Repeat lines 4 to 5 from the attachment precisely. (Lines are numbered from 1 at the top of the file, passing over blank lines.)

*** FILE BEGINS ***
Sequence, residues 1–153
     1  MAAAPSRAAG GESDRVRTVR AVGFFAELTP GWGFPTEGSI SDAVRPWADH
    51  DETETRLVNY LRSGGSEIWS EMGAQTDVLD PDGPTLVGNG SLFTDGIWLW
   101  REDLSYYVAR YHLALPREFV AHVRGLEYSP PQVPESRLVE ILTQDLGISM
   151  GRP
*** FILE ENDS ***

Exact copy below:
   101  REDLSYYVAR YHLALPREFV AHVRGLEYSP PQVPESRLVE ILTQDLGISM
   151  GRP